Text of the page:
Numbers should be kept active so each year, it can be discussed if anyone is deserving of the honor. It will also give us all the opportunity to remember the great players who wore that number in the past.
|2 years 14 weeks ago||Head Football Coach is more than just coaching||
To be a head football coach at a famous program is about more than the coaching the team.
For the assistants it can be just about the x's and o's, schemes, scouting and recuriting.
For the head coach, the job comes with a lot of other stuff. First and foremost he has to win. Second, he has to stay legal. Third he has to be sure he is solid on all the other aspects: alumni, administration, community. Coach Rodriguez didn't win enough, stayed legal, but really tripped up with the alumni, administration and community.
When people play the retrospective game and wondered what if, the real decision was when he decided to look at the UM job. Had Coach Rodriguez stayed at WVU and finished out his career there he might be thought of as their Bo. He was the guy who put them back into national prominence. He'll definitely get another HC job but he'll know he'll have to pay attention to other things.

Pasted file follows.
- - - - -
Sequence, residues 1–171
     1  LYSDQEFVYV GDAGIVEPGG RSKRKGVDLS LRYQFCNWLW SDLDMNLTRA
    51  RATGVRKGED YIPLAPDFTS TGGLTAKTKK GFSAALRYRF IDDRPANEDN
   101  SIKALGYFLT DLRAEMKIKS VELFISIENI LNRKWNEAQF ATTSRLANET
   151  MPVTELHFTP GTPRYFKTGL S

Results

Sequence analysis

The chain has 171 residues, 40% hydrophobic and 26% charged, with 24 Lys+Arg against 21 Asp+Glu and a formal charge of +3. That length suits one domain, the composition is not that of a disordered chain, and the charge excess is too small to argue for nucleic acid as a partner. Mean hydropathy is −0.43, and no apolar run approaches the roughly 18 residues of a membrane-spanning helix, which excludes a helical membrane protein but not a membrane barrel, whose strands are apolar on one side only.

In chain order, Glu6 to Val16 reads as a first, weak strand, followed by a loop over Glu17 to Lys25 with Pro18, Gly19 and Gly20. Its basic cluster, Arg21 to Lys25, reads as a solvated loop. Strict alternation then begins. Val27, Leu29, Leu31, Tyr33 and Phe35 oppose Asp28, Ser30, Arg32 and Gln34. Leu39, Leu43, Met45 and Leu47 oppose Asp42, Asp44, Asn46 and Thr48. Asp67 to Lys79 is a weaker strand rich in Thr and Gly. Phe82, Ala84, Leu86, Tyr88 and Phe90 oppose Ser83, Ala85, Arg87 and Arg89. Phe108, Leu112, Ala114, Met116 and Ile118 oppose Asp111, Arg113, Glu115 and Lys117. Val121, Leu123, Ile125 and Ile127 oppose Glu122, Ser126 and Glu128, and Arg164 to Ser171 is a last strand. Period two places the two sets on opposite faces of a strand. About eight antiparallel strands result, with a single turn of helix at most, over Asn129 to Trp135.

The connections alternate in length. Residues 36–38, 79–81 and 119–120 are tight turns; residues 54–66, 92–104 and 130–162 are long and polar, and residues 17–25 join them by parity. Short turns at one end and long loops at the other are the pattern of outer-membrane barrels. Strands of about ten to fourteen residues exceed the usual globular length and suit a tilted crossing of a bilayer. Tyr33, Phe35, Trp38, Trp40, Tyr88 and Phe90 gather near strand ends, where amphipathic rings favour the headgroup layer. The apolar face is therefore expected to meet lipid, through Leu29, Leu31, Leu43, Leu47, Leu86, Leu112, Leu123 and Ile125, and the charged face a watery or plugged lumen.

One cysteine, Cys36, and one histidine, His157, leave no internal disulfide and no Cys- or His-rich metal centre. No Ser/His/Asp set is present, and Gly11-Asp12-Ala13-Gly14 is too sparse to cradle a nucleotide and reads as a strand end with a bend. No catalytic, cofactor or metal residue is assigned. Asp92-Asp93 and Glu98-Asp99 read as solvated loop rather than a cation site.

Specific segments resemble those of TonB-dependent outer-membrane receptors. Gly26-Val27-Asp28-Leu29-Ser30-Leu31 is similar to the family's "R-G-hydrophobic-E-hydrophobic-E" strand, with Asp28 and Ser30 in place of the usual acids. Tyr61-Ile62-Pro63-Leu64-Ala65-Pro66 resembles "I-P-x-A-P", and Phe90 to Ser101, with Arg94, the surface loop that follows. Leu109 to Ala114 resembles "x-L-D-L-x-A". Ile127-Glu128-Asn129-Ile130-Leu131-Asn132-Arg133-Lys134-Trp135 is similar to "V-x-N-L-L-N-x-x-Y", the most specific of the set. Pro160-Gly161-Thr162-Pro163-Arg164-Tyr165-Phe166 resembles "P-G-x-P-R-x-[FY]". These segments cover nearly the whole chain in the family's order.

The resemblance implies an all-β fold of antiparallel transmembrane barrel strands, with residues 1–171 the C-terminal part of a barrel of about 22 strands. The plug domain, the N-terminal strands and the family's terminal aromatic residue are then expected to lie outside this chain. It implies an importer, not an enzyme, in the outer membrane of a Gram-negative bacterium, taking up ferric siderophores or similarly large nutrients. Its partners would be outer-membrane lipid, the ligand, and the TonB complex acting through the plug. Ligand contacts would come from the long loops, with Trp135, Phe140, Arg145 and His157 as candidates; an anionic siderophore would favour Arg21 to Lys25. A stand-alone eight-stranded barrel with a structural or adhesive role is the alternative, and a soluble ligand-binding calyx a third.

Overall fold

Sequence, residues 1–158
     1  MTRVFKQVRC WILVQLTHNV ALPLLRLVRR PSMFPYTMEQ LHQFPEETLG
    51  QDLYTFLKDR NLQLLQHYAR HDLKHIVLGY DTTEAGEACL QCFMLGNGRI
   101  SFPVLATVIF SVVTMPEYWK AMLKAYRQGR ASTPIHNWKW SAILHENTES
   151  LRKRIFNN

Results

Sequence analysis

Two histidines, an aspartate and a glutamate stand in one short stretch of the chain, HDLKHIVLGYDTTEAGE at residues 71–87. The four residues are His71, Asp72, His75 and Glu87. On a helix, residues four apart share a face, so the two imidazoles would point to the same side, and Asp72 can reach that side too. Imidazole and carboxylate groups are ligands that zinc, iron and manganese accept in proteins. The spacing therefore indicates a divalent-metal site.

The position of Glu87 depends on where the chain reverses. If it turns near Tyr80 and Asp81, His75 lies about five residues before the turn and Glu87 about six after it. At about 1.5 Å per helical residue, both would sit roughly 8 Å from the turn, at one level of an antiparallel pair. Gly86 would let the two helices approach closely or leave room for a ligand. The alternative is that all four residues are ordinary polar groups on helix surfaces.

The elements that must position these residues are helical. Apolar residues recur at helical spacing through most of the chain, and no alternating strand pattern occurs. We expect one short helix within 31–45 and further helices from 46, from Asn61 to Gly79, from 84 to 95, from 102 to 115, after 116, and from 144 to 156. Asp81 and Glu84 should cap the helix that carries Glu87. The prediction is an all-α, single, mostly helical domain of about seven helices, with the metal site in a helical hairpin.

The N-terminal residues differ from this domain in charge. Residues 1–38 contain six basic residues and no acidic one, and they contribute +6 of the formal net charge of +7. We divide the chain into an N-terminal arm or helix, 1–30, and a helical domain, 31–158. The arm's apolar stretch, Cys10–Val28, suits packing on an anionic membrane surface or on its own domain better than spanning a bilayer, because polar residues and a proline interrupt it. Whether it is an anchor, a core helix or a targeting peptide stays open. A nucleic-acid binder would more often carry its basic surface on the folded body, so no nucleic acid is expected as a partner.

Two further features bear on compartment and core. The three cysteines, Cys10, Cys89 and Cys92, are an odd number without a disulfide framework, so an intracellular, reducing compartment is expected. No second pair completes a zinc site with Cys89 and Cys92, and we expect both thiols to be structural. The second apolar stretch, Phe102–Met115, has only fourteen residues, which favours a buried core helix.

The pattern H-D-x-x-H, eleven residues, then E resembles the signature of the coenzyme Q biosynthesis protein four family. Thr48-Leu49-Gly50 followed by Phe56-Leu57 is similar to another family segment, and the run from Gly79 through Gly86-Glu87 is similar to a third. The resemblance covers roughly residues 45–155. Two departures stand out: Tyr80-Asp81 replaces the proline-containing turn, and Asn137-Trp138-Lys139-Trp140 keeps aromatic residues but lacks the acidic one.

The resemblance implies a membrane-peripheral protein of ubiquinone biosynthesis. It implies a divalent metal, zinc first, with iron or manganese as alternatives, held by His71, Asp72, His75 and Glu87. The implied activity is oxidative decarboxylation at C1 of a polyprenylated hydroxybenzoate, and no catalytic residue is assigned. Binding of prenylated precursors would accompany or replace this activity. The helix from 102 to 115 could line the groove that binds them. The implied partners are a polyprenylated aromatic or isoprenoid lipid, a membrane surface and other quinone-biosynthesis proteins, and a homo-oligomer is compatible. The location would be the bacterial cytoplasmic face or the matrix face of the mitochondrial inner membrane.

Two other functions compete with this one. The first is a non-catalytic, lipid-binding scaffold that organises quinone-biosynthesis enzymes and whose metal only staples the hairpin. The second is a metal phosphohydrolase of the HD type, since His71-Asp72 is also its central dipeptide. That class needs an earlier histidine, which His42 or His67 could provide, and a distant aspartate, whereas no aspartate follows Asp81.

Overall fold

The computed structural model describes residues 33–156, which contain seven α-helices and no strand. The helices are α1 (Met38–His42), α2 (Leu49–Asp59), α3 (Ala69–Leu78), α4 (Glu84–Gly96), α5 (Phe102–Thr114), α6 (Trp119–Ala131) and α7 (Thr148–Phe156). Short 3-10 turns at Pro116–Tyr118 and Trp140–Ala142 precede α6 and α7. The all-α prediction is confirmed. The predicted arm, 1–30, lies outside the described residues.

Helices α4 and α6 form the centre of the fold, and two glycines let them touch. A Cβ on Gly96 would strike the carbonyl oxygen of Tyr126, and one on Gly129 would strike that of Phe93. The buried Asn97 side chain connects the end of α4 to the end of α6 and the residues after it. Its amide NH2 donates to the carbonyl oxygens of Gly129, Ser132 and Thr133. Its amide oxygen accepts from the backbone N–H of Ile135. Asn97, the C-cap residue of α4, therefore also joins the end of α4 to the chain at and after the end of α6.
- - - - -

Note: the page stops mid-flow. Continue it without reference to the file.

An underlying theme was to remember that everyone involved are people and should deserve some compassion. I applaud Brian for this noble sentiment, but realistically this is only going to get harder. The amounts of money involved and the passions stoked up by 24 hour cable/internet makes that unlikely. We'll probably not see any long serving HC because everyone goes through a bad patch (even Bo was 6-6) and today and the foreseeable future, there will be someone stoking up a "dump name xx" campaign whenever that happens.
Great post and looking forward to the season.
|2 years 14 weeks ago||The whole transition from HS to D1 FB in a nutshell||